Leo Fender was a genius. Most folk would be content with changing the world with the Telecaster, the first commercially available solid body electric. Yet, lightning struck again in 1954 when Leo unleashed the Stratocaster, arguably the most famous electric guitar of all time. And the prettiest. The Stratocaster vs Telecaster debate has raged on ever since.
But which guitar is the right one for you? Well, allow us to talk you through the differences between these iconic planks. If you think they sound the same, you're wrong. They probably feel the same to play? Try again. Let's try to settle the Strat vs Tele debate. No, not which one is the best. Which one is best for you.
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Stratocaster vs Telecaster: The History
Leo Fender and his team in Fullerton, California, began work on the guitar that would become the Telecaster back in 1949. By the following year, a single pickup version called the Esquire was launched. Soon after the two-pup Broadcaster was revealed. After a dispute with Gretsch, Fender rechristened its new guitar the Telecaster in 1952 and it's been in production ever since.
The Stratocaster was born in 1954. Fender's customers loved the Tele but requested some spec tweaks. They wanted an extra pickup, a more comfortably contoured body, and a vibrato unit. Rather than mercilessly tweak the Tele, Leo's team decided to create a new model. The Stratocaster was born and like its older brother has never been out of production.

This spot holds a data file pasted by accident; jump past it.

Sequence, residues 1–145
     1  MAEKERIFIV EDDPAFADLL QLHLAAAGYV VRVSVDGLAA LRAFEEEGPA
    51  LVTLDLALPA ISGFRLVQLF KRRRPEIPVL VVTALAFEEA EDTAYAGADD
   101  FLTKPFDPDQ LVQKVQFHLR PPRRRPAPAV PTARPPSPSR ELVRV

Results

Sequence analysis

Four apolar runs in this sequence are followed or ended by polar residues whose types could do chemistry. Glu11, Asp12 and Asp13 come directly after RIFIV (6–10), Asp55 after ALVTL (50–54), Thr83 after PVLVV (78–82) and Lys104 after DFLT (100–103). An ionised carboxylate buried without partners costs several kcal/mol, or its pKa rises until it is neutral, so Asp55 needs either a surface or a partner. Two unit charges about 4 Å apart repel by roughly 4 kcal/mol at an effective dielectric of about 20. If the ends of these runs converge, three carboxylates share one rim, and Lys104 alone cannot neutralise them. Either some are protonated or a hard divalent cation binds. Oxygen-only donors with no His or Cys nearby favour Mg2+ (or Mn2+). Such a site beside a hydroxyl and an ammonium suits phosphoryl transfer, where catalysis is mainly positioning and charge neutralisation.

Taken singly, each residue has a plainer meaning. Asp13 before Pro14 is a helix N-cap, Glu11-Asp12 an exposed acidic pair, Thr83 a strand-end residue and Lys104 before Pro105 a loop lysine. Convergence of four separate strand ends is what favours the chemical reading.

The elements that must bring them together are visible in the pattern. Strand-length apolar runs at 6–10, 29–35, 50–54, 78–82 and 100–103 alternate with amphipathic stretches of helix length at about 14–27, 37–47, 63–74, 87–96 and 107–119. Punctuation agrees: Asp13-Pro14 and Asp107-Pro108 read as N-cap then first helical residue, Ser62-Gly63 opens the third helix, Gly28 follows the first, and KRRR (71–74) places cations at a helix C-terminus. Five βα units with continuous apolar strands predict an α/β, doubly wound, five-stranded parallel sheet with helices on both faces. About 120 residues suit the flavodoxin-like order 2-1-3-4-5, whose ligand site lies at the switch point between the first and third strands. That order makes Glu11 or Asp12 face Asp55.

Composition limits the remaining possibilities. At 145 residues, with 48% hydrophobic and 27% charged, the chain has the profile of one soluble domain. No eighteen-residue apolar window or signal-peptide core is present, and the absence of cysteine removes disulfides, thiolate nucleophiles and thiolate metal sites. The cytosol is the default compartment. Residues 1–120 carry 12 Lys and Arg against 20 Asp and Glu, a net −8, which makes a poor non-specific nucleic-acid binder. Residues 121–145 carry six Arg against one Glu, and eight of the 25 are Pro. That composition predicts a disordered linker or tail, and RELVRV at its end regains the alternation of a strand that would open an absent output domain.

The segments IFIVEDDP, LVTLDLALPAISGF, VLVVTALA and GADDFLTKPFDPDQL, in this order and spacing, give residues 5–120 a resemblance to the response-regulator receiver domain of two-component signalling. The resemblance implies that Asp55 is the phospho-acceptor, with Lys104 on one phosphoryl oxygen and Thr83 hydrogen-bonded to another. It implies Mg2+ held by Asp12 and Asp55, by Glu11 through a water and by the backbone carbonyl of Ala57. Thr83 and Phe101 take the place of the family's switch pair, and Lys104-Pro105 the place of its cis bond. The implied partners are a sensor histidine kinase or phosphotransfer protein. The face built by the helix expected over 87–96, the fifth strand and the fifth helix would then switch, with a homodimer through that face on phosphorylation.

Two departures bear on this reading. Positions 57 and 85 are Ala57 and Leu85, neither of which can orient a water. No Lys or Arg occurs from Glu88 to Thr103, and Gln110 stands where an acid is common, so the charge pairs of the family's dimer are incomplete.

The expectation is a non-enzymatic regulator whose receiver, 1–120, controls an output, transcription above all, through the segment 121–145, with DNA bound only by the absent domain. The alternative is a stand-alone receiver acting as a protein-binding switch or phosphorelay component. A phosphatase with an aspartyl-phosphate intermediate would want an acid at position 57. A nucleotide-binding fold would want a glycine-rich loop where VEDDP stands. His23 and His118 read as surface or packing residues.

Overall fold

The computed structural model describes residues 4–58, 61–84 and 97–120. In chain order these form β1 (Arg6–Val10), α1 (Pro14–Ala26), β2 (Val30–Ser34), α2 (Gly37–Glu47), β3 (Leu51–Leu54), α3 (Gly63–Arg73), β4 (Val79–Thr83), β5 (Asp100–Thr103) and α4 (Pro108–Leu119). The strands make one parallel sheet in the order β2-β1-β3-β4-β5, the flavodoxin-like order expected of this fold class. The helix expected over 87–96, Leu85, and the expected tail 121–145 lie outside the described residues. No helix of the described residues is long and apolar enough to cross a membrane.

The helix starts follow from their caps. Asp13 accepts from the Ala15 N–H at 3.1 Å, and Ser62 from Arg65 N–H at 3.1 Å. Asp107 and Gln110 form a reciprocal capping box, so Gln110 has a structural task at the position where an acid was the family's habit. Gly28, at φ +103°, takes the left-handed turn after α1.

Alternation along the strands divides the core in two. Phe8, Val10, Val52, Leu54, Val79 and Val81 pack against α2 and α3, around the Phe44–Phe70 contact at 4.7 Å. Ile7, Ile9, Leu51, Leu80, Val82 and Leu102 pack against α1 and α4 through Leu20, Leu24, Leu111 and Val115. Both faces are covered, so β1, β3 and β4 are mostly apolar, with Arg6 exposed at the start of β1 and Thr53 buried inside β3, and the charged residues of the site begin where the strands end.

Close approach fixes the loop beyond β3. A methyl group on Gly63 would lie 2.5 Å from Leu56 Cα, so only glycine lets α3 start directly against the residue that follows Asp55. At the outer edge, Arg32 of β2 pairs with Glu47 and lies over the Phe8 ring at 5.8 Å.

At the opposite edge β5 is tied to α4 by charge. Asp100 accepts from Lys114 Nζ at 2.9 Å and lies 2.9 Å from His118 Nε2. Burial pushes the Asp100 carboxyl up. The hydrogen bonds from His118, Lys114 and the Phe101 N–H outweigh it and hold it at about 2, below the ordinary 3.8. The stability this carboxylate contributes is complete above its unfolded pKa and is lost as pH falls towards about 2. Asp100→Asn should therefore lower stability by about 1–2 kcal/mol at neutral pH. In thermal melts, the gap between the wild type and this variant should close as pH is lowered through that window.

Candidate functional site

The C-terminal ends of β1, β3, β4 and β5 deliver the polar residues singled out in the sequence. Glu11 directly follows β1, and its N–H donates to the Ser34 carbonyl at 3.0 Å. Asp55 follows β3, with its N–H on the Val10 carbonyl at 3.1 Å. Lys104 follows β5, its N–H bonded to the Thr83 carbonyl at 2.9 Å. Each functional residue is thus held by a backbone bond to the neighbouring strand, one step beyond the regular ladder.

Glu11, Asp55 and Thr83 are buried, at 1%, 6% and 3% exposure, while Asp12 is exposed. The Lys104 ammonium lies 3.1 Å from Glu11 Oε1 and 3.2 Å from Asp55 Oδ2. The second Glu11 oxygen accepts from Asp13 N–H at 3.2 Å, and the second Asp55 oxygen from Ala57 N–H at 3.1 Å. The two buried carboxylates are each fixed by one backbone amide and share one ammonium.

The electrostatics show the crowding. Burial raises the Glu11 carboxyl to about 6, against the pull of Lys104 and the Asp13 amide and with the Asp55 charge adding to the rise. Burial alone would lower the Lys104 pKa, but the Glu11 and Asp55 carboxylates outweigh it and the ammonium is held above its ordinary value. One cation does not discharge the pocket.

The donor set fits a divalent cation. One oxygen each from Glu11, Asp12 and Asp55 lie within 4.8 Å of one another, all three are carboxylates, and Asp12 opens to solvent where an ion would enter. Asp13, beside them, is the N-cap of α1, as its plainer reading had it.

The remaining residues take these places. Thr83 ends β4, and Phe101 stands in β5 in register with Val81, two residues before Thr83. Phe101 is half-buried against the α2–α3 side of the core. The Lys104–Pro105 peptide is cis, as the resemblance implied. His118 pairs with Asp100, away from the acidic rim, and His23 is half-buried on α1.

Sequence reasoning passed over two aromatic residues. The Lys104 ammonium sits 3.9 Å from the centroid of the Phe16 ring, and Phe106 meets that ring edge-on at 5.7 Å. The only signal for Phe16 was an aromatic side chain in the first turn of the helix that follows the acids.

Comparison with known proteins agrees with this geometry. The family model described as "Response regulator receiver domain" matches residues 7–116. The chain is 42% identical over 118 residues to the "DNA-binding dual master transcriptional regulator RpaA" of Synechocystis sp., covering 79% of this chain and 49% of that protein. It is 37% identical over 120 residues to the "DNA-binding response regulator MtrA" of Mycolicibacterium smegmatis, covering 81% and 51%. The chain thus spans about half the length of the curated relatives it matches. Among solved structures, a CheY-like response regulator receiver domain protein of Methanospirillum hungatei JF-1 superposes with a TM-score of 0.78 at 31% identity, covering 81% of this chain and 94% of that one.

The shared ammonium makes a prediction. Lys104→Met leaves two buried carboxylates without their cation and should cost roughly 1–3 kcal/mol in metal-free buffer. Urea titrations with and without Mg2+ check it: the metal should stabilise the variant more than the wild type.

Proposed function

Stratocaster vs Telecaster: The Players
Often typecast as the go-to guitar for soul and country music, the Telecaster can also rock with the best of them. Cut him and Rolling Stone Keith Richards will always bleed Telecaster. Bruce Springsteen loves them too.
Lest we forget, Jimmy Page employed a '59 Tele for his Stairway To a Heaven solo. For years, we all assumed he'd used a Les Paul.
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As for the Stratocaster, it was bespectacled and doomed ‘50s rocker Buddy Holly that initially put the model on the map. Hank Marvin of The Shadows made the Strat an icon of early British rock. Surf dudes like Dick Dale got hip to the Strat in the early ‘60s before Jimi Hendrix sealed its reputation as a blues rock icon by the decade's end. These days we consider Jimi, Texas blues legend Stevie Ray Vaughan and British rock journeyman Jeff Beck as the ultimate ambassadors of the Fender Stratocaster.
Stratocaster vs Telecaster: The Tones
They might have come off the same drawing board but the Tele and Strat have very distinct tonal palettes. Telecasters are sonic chameleons. This is the guitar that links country jazz players like Danny Gatton to classic rocker Pete Townshend of The Who and Slipknot's masks metalhead Jim Root. A Tele can mimic a big-bodied jazz guitar, a country pedal steel, and a Les Paul.
A great Stratocaster will pump out what guitar connoisseurs describe as "glassy" tones. Strat pickups should sound warm and woody with a hint of 'plink', like flicking the rim of a wine glass with your fingernail.
Arguably the most iconic Strat tones are combinations of bridge or neck pickup with the middle pup. Listen to Jimi Hendrix playing Little Wing for a textbook example of the neck/middle pups in cahoots.